Hannah enjoying poetry workshop
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Hanging with fellow Georgia writers (from top, l-r) Tracy Walker, Heather Kolich, Donna Bowman, (bottom, middle) Janice Hardy and Paula Puckett
photo by Steve Kolich
Susan Rosson Spain, Robyn Hood Black, Elizabeth Dulemba, and Myra Meade at the Hall Book Exchange in Gainesville, Ga.
photo by Mel Hornsby
Southern Breeze Kudos Kites 09 - Donna, Robyn, Heather, Sarah, and Peggy
Robyn with Kathleen Duey, author extraordinaire
Robyn with Alaska Nature Writer Debbie Miller
photo by Robyn Hood Black
Paul B. Janeczko http://www.paulbjaneczko.com
Copyright 2005-2016 ©Robyn Hood Black. All rights reserved. Please ask permission before using any text or images on this website, except for reproducible
"4 Kids 2 Do" and "Press Kit" pages.
September 29, 2011
© Robyn Hood Blackdetail from my illustration in the March 2011 issue of Berry Blue Haiku
My Master Naturalist Class yesterday at Elachee Nature Science Center Center
was one I’ve been looking forward to – Peter Gordon led a session on birds, followed by all of us heading out with binoculars and optimism to see what we could see! Despite the warm afternoon and shifty winds, we checked off about 18 species in our short trek by the lake.
What fun to distinguish a turkey vulture from a black vulture, the Cooper’s hawk from the more familiar red-tailed hawk, and the persistent chatter of a red-bellied woodpecker from the almost as persistent calls of a blue jay. We saw a flycatcher and a kingfisher, both having very good luck, and more common grackles than could be counted as they moved in and took over treetops.
Fall is such an exciting time to look for birds. Each year, ten billion birds leave the northern hemisphere to head south. And a whole bunch of them fly through my state, Georgia.
By the way, if you’re looking for an excuse to read poetry this weekend rather than do yard work, here it is: “Birds abhor a clean yard.” So forget the pristinely trimmed lawn if you want to attract them. Migrating birds appreciate the simple things: space, food (feeders, or berry-filled dogwood trees and the like – even poison ivy!), water (they really love a misting feature), and shelter (unkempt trees, and dead snags if they don’t threaten your property, are wonderful).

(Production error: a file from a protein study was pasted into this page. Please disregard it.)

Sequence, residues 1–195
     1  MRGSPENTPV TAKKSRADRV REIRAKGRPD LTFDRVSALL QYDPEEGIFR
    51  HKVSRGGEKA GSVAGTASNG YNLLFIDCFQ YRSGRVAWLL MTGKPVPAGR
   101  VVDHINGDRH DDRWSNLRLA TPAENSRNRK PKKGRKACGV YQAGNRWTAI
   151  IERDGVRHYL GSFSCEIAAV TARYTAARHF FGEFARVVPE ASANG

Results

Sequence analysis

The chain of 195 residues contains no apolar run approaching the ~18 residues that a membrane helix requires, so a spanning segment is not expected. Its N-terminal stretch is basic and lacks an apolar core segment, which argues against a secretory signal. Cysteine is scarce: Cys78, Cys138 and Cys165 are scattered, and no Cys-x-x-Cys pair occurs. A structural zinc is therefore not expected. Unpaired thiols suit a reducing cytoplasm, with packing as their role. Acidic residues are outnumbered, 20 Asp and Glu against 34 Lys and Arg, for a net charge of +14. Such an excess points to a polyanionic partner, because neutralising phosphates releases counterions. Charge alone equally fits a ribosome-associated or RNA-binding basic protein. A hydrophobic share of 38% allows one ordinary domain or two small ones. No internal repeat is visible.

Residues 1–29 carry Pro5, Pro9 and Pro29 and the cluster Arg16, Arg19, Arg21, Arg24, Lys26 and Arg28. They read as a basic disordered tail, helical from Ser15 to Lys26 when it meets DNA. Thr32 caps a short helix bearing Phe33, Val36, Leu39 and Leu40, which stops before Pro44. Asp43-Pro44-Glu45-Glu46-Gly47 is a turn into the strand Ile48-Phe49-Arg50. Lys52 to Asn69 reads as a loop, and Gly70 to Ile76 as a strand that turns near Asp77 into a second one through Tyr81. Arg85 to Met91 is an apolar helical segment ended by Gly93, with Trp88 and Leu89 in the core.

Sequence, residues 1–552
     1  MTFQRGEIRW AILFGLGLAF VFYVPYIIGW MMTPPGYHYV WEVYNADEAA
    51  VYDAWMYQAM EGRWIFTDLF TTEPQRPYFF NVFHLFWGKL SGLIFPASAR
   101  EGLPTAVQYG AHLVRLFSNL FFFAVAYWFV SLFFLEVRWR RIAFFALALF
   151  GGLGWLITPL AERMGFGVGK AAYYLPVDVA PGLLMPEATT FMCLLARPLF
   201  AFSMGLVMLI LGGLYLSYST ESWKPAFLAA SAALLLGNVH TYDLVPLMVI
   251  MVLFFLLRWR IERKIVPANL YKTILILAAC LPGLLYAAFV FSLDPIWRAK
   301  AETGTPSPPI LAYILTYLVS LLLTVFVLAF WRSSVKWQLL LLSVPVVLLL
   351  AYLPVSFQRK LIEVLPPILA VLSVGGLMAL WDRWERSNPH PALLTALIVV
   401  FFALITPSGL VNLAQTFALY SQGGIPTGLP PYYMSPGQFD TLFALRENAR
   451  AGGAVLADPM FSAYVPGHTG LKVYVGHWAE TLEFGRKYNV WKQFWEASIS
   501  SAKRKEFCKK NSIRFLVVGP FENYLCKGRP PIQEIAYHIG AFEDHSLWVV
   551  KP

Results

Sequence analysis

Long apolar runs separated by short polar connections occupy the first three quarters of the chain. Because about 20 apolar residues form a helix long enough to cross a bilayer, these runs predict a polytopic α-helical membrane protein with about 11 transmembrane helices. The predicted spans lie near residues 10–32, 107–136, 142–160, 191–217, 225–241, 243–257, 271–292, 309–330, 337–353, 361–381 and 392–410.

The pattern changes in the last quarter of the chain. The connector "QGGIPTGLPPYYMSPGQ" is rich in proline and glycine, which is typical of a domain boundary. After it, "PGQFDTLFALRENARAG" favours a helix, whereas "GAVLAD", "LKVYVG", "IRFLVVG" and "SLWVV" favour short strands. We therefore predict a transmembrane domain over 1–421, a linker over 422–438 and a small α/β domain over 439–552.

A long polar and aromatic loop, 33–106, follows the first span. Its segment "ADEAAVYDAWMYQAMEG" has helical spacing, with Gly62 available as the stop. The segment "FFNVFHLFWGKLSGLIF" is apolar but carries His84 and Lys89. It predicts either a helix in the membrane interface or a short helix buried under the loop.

Today I found the perfect poem for this subject and this time of year – “The Birds” by Linda Pastan.
excerpt from The Birds
by Linda Pastan
are heading south, pulled
by a compass in the genes.
They are not fooled
by this odd November summer,
though we stand in our doorways
wearing cotton dresses.
We are watching them
as they swoop and gather—
the shadow of wings
falls over the heart. …
Do click here
to read the complete poem – the second half is my favorite part!)
Wishing you uplifting winds and welcome spots to rest along your journey this week. Fly on over to Read Write Believe
for today's Poetry Friday Roundup.
September 23, 2011
Georgia's state herpetologist John Jensen holds a king snake. I held her, too - she was quite lovely!
I am loving the Master Naturalist class I’m taking this fall at Elachee Nature Science Center
. Yesterday, the Georgia Department of Natural Resource’s chief herpetologist, John Jensen, led us through a litany of reptiles.
I didn’t realize my state housed the largest venomous snake in the U.S. (the Eastern Diamondback Rattlesnake, which is also the world’s largest rattlesnake), as well as the smallest (the Pygmy Rattlesnake), as well as the largest snake in general in the U.S. (the gentle Eastern Indigo), as well as the smallest native snake (the Florida Crowned Snake) and the country’s smallest /shortest snake, though not originally a Georgia resident (the Braminy Blind Snake). Those lengths, by the way, range from 8-and-a-half feet or more to just six inches.
In searching for an appropriately slithery poem to share this week I stumbled upon one which does mention a snake, but is so much more. Here are a few lines from Jane Hirshfield:
excerpt from “The Envoy”
One day in that room, a small rat.
Two days later, a snake.
Who, seeing me enter,
whipped the long stripe of his
body under the bed,
then curled like a docile house-pet.
I don’t know how either came or left.
Later, the flashlight found nothing.
For a year I watched
as something—terror? happiness? grief?—
entered and then left my body. …
(For the complete poem, and a moving reading of it by the poet, please click here
Now, speaking of Jane Hirshfield, I’d also like to put in a good word for her wonderful article, “The Heart of Haiku,”
available on Kindle for just 99 cents. I downloaded it to my PC. It’s a terrific introduction to the life and poetry of Bashô.